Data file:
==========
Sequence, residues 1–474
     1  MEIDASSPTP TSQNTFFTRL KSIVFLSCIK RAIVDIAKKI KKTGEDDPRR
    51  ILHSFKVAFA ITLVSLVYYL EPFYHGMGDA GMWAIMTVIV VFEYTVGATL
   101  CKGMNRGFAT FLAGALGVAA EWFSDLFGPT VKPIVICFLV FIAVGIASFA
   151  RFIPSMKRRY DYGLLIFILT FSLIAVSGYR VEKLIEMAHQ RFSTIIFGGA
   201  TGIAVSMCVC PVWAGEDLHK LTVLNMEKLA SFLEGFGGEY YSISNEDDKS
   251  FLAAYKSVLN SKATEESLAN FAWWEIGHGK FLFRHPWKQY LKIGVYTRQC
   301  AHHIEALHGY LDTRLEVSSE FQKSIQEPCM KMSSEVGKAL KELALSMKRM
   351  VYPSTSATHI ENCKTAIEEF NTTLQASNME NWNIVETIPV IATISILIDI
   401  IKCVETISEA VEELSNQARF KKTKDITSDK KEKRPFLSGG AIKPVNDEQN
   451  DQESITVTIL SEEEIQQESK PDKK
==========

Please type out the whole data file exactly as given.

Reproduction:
Sequence, residues 1–474
     1  MEIDASSPTP TSQNTFFTRL KSIVFLSCIK RAIVDIAKKI KKTGEDDPRR
    51  ILHSFKVAFA ITLVSLVYYL EPFYHGMGDA GMWAIMTVIV VFEYTVGATL
   101  CKGMNRGFAT FLAGALGVAA EWFSDLFGPT VKPIVICFLV FIAVGIASFA
   151  RFIPSMKRRY DYGLLIFILT FSLIAVSGYR VEKLIEMAHQ RFSTIIFGGA
   201  TGIAVSMCVC PVWAGEDLHK LTVLNMEKLA SFLEGFGGEY YSISNEDDKS
   251  FLAAYKSVLN SKATEESLAN FAWWEIGHGK FLFRHPWKQY LKIGVYTRQC
   301  AHHIEALHGY LDTRLEVSSE FQKSIQEPCM KMSSEVGKAL KELALSMKRM
   351  VYPSTSATHI ENCKTAIEEF NTTLQASNME NWNIVETIPV IATISILIDI
   401  IKCVETISEA VEELSNQARF KKTKDITSDK KEKRPFLSGG AIKPVNDEQN
   451  DQESITVTIL SEEEIQQESK PDKK